Representative Kevin McCarthy of California, the House Republican leader and would-be speaker, complained about the F.B.I. search of Mr. Trump’s home for classified documents that he was not entitled to keep and failed to turn over despite a subpoena. “That is an assault on democracy,” Mr. McCarthy said, meaning the search, not the former president’s possible violations of the law.
As it happens, both parties see democracy under threat — but from the other side. A Quinnipiac University poll found that 69 percent of Democrats said democracy was “in danger of collapse,” and 69 percent of Republicans said the same thing.
In a speech outside Independence Hall in Philadelphia, President Biden warned that America’s democratic values were under assault by “MAGA Republicans” loyal to former President Donald J. Trump.CreditCredit…Doug Mills/The New York Times
In his speech at Independence Hall in Philadelphia, Mr. Biden stressed that in fact he was not speaking of all Republicans. “Not every Republican, not even the majority of Republicans, are MAGA Republicans,” he said. “Not every Republican embraces their extreme ideology. I know, because I’ve been able to work with these mainstream Republicans.”
Republicans were not really Mr. Biden’s target audience in any case. For all his expressed hopes of bringing the country together, the president and his team have come to accept that 40 percent of Americans are beyond his reach, unwilling to listen. And so Mr. Biden was speaking not to them but to the 81 million Americans who formed the coalition of Democrats, independents and disaffected Republicans he assembled two years ago, hoping to bring them out for his favored congressional candidates.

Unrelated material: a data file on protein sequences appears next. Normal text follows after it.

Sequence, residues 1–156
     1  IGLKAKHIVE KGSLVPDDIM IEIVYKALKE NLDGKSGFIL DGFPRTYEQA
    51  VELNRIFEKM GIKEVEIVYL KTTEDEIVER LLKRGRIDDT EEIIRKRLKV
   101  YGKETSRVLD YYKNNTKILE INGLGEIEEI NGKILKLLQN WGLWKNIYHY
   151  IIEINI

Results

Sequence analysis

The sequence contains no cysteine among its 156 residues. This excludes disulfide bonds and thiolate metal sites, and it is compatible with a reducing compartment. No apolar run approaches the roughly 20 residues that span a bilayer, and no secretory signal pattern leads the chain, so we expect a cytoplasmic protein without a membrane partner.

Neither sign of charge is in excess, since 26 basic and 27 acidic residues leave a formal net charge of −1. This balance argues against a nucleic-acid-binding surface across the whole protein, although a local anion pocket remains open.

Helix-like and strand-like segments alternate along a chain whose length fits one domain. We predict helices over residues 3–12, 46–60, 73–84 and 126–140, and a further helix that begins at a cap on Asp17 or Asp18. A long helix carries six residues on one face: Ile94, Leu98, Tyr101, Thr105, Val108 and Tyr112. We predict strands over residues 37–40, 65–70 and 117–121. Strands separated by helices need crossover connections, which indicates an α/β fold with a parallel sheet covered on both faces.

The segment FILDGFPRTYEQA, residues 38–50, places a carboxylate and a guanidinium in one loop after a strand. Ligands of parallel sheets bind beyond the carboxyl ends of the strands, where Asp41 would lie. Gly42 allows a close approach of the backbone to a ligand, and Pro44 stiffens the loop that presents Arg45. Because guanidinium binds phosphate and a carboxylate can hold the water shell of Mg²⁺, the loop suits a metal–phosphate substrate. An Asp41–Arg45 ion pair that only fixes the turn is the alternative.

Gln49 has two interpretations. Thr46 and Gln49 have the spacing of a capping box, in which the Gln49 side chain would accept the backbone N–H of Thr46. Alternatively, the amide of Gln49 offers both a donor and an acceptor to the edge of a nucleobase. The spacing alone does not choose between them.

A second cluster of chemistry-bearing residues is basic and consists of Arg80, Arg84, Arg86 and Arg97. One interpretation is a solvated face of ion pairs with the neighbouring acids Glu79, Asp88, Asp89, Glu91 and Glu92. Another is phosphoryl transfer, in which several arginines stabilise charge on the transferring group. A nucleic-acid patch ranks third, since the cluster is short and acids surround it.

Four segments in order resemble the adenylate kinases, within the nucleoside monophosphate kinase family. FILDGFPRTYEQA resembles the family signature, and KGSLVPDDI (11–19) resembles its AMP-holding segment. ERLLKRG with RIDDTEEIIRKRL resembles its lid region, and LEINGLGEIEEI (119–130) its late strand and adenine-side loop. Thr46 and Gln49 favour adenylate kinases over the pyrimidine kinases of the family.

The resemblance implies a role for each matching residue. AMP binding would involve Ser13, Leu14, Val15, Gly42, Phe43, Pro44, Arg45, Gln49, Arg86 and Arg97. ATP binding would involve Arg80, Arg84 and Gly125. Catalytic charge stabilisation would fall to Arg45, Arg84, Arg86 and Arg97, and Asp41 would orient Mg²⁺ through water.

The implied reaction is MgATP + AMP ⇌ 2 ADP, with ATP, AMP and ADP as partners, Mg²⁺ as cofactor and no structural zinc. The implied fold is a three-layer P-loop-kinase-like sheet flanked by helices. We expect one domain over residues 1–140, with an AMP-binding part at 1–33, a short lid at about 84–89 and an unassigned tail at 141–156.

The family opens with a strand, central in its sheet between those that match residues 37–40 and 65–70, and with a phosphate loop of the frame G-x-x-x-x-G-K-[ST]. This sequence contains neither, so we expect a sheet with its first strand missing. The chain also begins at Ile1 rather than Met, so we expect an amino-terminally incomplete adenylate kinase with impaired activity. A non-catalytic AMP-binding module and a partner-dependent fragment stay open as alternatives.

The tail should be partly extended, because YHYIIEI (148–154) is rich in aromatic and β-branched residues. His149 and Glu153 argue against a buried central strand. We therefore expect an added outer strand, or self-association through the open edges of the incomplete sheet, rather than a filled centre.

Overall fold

It will be an uphill struggle. Most Americans were not even listening on Thursday night. The three main broadcast networks declined to carry the speech, evidently deeming it more of a campaign event than a presidential address to the nation. Instead, they showed “Law & Order,” “Young Sheldon” and a game show called “Press Your Luck” with an episode titled “Zombie Apocalypse Ready.”
History has shown that the party of the incumbent president almost always loses the first midterm election. Republicans need only pick up a single seat in the Senate and a handful in the House to take control of one or both houses, which would effectively end Mr. Biden’s chances of major progressive legislation for the rest of his term.
But White House officials and other Democrats feel buoyed by the shift in political momentum in recent weeks, especially since the Supreme Court overturned Roe v. Wade and eliminated the constitutional right to abortion, a decision that angered liberals and moderates and may motivate them to turn out.
The victory of a Democrat in a special House election in traditionally Republican Alaska and the decisive defeat of an anti-abortion constitutional amendment in red-leaning Kansas have provided a possible road map for underdog Democrats. The Cook Political Report, which monitors every House campaign, moved five more races in the Democrats’ direction on Thursday, putting Mr. Biden’s party within striking distance of victory.
The question is whether focusing on the battle for democracy, as Mr. Biden framed it, will move his own voters more than inflation, crime, immigration and other issues will move the other side. The White House concluded long ago that it could not win simply by promoting Mr. Biden’s legislative record, even as his aides argue that he has accomplished a lot on infrastructure, climate change, health care and other issues.
The president’s team determined that Democrats would win only by making Americans see the other side as too dangerous to let back into power. In American politics in the Biden-Trump era, that debate is the new normal.